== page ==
catapult magazine

catapult magazine

Vol 3, Num 10 :: 2004.05.07 — 2004.05.20


Passing it on

My dad liked to take me and my sister into the woods or down the muddy wanna-be river near my childhood home. He was and is the classic Type-A, heart-attack-prone personality that his own dad was and that I now am. Those times away from his nearly compulsive building, chopping, mowing, and other hands-busying tasks were special, set apart occasions. I didn’t always realize these as holy times: dawn canoe trips to spy deer and count turtles; walking muskrat trap lines along winter creeks; crouching in cold and never-visited deer blinds; bow fishing for carp to lay to rest under our apple trees; timbering trees out of farmers’ ever-expanding cropland. Whatever we did during these times, Dad taught us to see: to notice the downy woodpecker pair, to swing on the wild grape vines dangling from 30 feet above, to pocket the golden brown horse chestnuts, or even to nab usable “garbage” at the curbs of big houses we passed.

Now that I’ve grown, I’ve become my father. Despite the difference in our gender, our generation, and our education, it is in the outdoors that I too am most at peace. I teach my kids to look carefully at the “speedy bugs” that dart under dry fall leaves or to collect moths from pit toilet walls for later picnic table comparisons with the field guide. I hear my father speaking when I round up our kids for our annual college dumpster diving trip where we try to salvage good stuff for our use (cooking pots, school supplies, lamps) or donations to others (water purifiers, folded clothes, baskets). I am quietly pleased to hear my father’s voice come from my 8-year-old’s mouth as he angrily disparages the wastefulness of college students.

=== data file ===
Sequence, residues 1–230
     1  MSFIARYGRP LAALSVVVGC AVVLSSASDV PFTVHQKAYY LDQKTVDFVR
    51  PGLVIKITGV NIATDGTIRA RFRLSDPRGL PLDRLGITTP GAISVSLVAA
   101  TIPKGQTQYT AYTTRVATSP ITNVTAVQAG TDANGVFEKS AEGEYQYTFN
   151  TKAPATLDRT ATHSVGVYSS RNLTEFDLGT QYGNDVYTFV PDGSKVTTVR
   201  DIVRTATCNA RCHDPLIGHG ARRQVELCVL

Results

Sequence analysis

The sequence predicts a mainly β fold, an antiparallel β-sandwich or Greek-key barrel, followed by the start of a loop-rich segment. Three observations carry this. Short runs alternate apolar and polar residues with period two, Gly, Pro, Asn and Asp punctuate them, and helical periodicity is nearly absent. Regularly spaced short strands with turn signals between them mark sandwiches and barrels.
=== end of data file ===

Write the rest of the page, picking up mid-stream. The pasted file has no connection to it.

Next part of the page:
What I hope to instill in my kids is a respect for the world around us, a sense that the good life is about being part of this larger world instead of just using it as we please. I don’t want my kids to reflexively stomp on crickets, throw rocks at squirrels, or toss out unbroken toys they didn’t need in the first place; these are God’s things to care for, and ignorance and thoughtless hostility have no place in care. On the other hand, I don’t want them to develop a sappy, romantic attitude either—there is a proper place for hunting, bug-smashing, or tree-cutting. I know that I, like my Dad, don’t care for creation as well as I could. We grow and can or freeze some of our food, but certainly not everything, and when homemade bug remedies don’t work we’re willing to use chemicals on our veggies; we walk and bike lots of places, but we use the car a good deal, too. I hope that my kids will learn the more fundamental attitude of care, the proper orientation of their hearts, and will discover many ways to carry out this attitude even if their choices are not always exactly my own.

My Dad wasn’t a Christian when he taught me to love creation, but his philosophy of care fits well with my understanding of God’s world and our place in it. Even now when we visit him, he is antsy and nervous with small talk and active grandchildren inside his quiet house. Get him outside, though, and he’s a different person, probably a better person. So am I. And maybe’at least I hope so?the creation is better for it, too.

Discussion: Learning to care

What did you learn—directly or indirectly—from your parents about interacting with nature? Were there other things your parents taught you to care about when you were young?

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